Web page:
The real GOP demographic target in the voter Venn diagram will be those so-called poor, ignorant whites – the ones who rallied to Clinton in Pennsylvania and Indiana, and who will carry her to substantial victories in West Virginia and Kentucky. This element, more politely referred to as whites at the lower end of the socioeconomic spectrum, is the one that progressively deserted the Democrats in the 60s and 70s and handed the GOP five presidencies in six elections and the first control of the House in 50 years.

    The Clinton campaign did a lot of Rove’s work for him. In the voting analysis and in the themes hit on by Clinton the candidate and Clinton the husband, it is obvious who the numerically smaller GOP must encourage to cross over in order to assure a McCain win.

    The main fun is just beginning, and their is still plenty of popcorn for every one.

    Most sincerely,

    T. J. Flapsaddle

  3. Sandra Price  May 13, 2008 at 12:40 pm

    The fun is just beginning which is what I would expect from you. I tend to look at the future with more serious eyes. Are we going to lose any chance at a black President? I resent this uneducated white women’s vote that you love to spout. I know of few in my world who wants to assure a McCain win. We poor white trash can see the truth of McCain and the horrors of another Clinton. I’ve dealt with Barr in the past and only Paul would get me to vote Republican. I fear McCain more than I care to say as he epitomizes all that is wrong in America.

    You are back to tap dancing looking for popcorn as usual. You do nobody any good.

  4. Roadapple00  May 13, 2008 at 1:15 pm

    The democrats need to review electability again. I am hearing more and more people say “If Obama wins, I will vote for McCain”. Do we want another republican?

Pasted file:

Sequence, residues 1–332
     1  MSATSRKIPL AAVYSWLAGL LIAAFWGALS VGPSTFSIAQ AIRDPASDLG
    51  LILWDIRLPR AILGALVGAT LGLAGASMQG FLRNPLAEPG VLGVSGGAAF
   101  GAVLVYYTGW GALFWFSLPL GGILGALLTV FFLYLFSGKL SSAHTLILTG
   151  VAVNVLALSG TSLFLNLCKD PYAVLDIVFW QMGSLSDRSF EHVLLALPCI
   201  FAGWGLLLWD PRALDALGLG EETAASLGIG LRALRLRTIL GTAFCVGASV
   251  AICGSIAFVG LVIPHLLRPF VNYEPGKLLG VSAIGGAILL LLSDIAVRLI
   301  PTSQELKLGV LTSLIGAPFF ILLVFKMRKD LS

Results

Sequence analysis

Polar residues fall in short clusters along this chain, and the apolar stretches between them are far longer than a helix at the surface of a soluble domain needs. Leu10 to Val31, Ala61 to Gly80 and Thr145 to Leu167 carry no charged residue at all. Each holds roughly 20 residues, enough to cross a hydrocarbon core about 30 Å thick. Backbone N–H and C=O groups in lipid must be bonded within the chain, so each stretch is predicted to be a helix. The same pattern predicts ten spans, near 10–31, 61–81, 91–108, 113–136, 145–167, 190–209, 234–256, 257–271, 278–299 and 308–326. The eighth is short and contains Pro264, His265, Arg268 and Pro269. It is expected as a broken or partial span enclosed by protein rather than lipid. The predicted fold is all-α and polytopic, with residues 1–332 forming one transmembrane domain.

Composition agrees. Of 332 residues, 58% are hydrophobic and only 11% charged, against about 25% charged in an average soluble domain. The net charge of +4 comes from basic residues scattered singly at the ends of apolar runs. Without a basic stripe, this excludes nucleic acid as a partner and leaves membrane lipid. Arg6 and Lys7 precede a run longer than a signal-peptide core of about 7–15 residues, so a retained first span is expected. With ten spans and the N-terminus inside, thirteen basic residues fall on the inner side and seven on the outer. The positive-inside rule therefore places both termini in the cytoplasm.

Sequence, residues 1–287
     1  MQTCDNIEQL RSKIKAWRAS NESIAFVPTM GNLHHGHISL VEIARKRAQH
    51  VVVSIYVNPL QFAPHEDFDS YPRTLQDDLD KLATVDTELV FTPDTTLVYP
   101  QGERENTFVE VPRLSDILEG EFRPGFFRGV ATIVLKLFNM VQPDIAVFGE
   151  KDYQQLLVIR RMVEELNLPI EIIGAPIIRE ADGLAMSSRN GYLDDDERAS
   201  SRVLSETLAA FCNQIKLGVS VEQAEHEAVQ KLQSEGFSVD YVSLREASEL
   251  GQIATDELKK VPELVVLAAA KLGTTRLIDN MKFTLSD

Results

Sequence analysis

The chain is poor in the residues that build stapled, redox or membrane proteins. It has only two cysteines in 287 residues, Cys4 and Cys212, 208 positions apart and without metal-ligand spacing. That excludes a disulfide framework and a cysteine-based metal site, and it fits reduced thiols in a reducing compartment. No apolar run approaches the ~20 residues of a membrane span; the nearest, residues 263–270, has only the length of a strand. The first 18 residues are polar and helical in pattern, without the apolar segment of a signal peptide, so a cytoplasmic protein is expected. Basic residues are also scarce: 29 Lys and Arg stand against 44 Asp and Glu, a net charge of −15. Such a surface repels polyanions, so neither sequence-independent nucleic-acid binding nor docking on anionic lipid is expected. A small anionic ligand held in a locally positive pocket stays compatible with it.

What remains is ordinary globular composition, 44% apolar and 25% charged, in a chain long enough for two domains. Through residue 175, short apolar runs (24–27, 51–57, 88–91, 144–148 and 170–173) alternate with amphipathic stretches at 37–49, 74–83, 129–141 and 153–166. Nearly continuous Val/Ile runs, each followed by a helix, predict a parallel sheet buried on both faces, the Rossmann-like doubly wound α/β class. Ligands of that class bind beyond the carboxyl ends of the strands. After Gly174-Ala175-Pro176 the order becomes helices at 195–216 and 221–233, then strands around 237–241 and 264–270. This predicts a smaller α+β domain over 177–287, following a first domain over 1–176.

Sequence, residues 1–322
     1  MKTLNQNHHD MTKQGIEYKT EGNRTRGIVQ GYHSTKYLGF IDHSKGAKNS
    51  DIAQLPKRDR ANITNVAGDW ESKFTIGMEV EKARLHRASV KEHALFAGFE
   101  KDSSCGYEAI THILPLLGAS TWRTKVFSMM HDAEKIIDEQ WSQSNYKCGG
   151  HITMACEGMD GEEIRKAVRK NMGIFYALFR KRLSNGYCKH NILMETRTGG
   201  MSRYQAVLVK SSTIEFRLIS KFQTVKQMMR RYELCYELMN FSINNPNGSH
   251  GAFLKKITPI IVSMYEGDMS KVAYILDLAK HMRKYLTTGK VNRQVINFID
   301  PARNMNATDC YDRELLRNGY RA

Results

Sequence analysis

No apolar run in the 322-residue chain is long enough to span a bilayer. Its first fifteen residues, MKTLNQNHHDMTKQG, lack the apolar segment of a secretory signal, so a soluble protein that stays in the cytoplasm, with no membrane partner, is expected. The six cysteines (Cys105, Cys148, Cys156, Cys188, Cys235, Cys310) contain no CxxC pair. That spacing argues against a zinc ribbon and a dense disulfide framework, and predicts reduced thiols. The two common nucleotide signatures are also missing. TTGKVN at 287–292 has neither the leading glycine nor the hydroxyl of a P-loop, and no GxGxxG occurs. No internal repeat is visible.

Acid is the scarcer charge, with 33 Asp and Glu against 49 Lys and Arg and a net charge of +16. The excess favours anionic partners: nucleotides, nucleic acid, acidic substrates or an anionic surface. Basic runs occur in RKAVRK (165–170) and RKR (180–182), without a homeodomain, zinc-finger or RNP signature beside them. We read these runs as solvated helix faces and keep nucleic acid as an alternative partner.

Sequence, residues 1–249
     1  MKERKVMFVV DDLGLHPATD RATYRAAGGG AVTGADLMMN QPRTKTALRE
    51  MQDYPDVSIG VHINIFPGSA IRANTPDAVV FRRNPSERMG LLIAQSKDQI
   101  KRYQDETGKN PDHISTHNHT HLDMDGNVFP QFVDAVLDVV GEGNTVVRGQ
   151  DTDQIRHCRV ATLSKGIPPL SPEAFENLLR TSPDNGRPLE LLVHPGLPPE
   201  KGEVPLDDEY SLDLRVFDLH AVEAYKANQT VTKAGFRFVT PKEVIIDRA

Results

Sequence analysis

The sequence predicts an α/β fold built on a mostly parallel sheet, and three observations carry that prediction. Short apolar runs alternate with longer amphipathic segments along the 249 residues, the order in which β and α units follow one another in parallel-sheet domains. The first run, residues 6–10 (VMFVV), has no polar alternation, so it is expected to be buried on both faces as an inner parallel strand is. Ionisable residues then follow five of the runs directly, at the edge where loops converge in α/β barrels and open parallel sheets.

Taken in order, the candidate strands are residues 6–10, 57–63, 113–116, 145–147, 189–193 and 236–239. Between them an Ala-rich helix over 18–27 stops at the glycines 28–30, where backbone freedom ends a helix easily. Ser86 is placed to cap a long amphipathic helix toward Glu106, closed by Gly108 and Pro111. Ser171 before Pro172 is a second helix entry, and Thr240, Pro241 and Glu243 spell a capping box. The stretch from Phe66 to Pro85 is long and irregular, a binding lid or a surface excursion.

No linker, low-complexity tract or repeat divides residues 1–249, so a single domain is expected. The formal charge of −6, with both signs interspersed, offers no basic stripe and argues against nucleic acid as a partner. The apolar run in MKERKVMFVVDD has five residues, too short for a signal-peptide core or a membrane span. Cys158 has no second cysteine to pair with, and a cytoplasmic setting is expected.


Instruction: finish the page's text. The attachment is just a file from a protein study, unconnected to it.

5. Flapsaddle  May 13, 2008 at 2:21 pm

    The power-brokers of the party are in an unenviable position. They have to acknowledge, at least implicitly, that racism is alive and well in their party, and whichever candidate gets the nod will leave another big chunk disappointed and angry.

    So, they are faced with a Solomonic decision of how to cut the baby in half without killing it because each “mother” is too concerned with its own interests to think of the larger issue.

    The great irony here is that the party that damned the 2000 election as being decided by an elite panel may now have to make exactly the same decision.

    Most sincerely,

    T. J. Flapsaddle

  6. DejaVuAllOver  May 13, 2008 at 9:58 pm

    I agree with Sandra. The redneck GOP will stop at nothing to get Obama out, or worse. A simple argument (even simple enough for rednecks) I’ve used goes something like this, and even some rednecks seem to buy it:

    Find me an African American with no Muslim ancestors and I’ll show you a white Evangelical from Kansas who’s had a reverse Michael Jackson…….

    Be careful, though. I play in music in bars, and I’m used to ducking!

  7. Don Quixote and Company  May 14, 2008 at 3:44 am

    Maybe so, Roadapple. The pundits keep talking about the working class circle around the Penn-Ohio-Indy et al area. Fine if you want to forget the whole South. I hope that the Supes do reach back and pull ole Hillary up. Just like you suggest. It’s about time that the lesson gets learned. So when she loses South Carolina, Georgia, Louisiana, North Carolina, Tennesee, Alabama, Mississippi, Missouri, Virginia, then yall can kick up your heels. She will proudly boast that she won Indiana (she won’t), Pennsylvania, Ohio, Florida (she won’t), Texas (she won’t) She keeps referring to the past, that in order to win you need to win the swing states…let’s look at the blue and red map from the last two elections, without the South there won’t be a Hillary victory. In the South they will vote against Hillary, not vote for McCain. Take a look. She won’t talk about this of course…selective memory I guess.